In the last weeks, months and even years a lot of tools arose that promise to make the field of data science more accessible. This isn’t an easy task considering the complexity of most parts of the data science and machine learning pipeline. None the less many libraries and tools including Keras, FastAI, and Weka made it significantly easier to create a data science project by providing us with an easy to use high-level interface and a lot of prebuilt components.


Creating New Scripts with StyleGAN

I applied StyleGAN to images of Unicode characters to see if it could invent new characters.


Exploratory Data Analysis Tutorial in Python

One of the most important skills that every Data Scientist must master is the ability to explore data properly. Thorough exploratory data analysis (EDA) is essential in order to ensure the integrity of your gathered data and performed analysis. The example used in this tutorial is an exploratory analysis of historical SAT and ACT data to compare participation and performance between SAT and ACT exams in different States. By the end of this tutorial, we will have gained data-driven insight into potential issues regarding standardized testing in the United States. The focus of this tutorial is to demonstrate the exploratory data analysis process, as well as provide an example for Python programmers who want to practice working with data. For this analysis, I examined and manipulated available CSV data files containing data about the SAT and ACT for both 2017 and 2018 in a Jupyter Notebook. Exploring data through well-constructed visualizations and descriptive statistics is a great way to become acquainted with the data you’re working with and formulate hypotheses based on your observations.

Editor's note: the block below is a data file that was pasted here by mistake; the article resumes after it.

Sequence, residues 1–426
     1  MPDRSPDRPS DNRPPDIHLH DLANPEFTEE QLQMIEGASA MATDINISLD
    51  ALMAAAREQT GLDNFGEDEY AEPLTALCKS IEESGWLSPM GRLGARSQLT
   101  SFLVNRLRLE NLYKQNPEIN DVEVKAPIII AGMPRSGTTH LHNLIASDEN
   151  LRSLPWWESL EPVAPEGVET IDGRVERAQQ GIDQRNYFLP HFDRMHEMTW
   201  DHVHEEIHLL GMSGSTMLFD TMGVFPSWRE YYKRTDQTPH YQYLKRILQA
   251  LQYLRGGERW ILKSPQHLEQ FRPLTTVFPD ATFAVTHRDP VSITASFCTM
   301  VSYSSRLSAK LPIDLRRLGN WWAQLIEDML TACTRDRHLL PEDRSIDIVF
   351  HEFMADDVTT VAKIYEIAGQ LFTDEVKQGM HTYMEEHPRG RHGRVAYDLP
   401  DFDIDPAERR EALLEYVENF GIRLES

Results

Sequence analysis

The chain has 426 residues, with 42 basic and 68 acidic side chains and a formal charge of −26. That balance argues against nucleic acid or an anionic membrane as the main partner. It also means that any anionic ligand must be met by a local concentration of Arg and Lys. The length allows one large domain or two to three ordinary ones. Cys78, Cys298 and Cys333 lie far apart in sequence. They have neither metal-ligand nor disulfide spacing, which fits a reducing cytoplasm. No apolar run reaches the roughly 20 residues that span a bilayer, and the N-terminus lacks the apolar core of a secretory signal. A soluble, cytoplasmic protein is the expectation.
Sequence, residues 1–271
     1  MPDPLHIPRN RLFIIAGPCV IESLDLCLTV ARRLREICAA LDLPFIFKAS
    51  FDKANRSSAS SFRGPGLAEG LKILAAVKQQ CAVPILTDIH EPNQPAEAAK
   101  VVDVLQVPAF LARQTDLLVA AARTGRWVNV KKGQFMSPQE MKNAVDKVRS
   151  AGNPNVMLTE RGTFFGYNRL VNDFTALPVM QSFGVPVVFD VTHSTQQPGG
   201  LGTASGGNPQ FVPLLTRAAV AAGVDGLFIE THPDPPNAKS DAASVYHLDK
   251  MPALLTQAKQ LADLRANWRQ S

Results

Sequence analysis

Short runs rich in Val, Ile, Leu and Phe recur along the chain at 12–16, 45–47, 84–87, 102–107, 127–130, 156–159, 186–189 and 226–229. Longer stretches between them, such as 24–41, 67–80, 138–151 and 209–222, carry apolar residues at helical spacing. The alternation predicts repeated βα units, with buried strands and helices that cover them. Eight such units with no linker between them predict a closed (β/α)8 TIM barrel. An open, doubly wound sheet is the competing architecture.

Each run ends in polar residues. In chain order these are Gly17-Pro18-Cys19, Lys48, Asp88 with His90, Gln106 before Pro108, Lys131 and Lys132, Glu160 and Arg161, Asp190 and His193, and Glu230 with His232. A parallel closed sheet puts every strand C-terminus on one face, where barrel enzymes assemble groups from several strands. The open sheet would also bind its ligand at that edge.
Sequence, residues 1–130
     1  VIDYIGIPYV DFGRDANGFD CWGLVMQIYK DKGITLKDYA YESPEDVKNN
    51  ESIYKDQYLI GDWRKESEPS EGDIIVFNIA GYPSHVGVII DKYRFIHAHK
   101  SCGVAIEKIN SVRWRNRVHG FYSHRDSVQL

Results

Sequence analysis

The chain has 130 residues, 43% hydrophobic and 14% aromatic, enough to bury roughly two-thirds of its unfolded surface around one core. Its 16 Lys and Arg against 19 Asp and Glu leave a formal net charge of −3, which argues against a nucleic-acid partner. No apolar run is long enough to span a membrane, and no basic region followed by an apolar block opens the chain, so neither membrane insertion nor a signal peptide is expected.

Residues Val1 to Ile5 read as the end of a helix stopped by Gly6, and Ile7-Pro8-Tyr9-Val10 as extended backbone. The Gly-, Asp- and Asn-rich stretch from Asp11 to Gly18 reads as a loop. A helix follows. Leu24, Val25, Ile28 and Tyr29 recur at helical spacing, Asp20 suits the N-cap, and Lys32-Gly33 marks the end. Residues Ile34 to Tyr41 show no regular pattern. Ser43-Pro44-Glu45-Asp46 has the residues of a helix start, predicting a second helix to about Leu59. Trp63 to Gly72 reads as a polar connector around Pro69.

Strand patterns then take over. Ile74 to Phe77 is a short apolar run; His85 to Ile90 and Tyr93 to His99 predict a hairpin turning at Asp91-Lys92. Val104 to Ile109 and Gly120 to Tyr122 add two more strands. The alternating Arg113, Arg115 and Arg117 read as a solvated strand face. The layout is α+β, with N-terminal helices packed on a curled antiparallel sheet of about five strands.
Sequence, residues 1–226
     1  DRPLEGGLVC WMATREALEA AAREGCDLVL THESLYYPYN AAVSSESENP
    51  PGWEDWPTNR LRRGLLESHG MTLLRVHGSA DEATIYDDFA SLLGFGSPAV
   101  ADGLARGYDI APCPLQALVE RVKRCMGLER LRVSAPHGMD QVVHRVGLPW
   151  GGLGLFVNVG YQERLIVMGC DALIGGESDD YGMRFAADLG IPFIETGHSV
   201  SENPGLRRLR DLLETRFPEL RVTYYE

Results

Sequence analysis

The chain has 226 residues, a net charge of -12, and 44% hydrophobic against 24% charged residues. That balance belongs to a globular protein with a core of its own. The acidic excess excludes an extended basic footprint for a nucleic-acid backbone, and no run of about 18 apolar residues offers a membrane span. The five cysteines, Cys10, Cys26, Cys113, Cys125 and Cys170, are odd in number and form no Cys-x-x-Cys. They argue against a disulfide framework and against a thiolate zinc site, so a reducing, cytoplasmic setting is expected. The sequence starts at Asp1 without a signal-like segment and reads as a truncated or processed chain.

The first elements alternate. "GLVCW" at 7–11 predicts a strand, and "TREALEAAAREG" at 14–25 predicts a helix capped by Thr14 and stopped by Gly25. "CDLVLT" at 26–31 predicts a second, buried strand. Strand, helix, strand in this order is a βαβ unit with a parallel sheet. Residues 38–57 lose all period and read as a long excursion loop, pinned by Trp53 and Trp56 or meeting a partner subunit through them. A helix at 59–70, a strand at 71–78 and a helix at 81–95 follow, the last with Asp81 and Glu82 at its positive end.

Hypothesis Testing – An Introduction

Hypothesis are our assumptions about the data which may or may not be true. In this post we’ll discuss about the statistical process of evaluating the truthiness of a hypothesis – this process is known as hypothesis testing. Most of the statistical analysis has its genesis in comparing two types of distributions: population distribution and sample distribution. Let’s understand these terms through an example – Suppose we want to statistically test our hypothesis that on average, the performance of students in a standard aptitude test has improved in the last decade. We’re given a dataset containing the marks (maximum marks = 250) of 100 randomly selected students who appeared in the exam in 2009 and 2019.